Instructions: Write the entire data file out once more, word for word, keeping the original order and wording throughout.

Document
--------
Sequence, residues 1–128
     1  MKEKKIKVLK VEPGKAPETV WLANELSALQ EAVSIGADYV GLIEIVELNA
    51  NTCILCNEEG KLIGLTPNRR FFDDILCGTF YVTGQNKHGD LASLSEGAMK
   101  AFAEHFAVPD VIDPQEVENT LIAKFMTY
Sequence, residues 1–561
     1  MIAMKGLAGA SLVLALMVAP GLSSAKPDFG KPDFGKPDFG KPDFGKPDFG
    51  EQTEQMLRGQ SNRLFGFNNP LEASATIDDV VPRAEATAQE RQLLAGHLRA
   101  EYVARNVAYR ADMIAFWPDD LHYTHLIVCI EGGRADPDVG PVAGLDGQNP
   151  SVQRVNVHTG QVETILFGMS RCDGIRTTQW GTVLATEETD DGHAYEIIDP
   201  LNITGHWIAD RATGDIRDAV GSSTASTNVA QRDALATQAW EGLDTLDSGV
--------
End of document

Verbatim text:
Sequence, residues 1–128
     1  MKEKKIKVLK VEPGKAPETV WLANELSALQ EAVSIGADYV GLIEIVELNA
    51  NTCILCNEEG KLIGLTPNRR FFDDILCGTF YVTGQNKHGD LASLSEGAMK
   101  AFAEHFAVPD VIDPQEVENT LIAKFMTY
Sequence, residues 1–561
     1  MIAMKGLAGA SLVLALMVAP GLSSAKPDFG KPDFGKPDFG KPDFGKPDFG
    51  EQTEQMLRGQ SNRLFGFNNP LEASATIDDV VPRAEATAQE RQLLAGHLRA
   101  EYVARNVAYR ADMIAFWPDD LHYTHLIVCI EGGRADPDVG PVAGLDGQNP
   151  SVQRVNVHTG QVETILFGMS RCDGIRTTQW GTVLATEETD DGHAYEIIDP
   201  LNITGHWIAD RATGDIRDAV GSSTASTNVA QRDALATQAW EGLDTLDSGV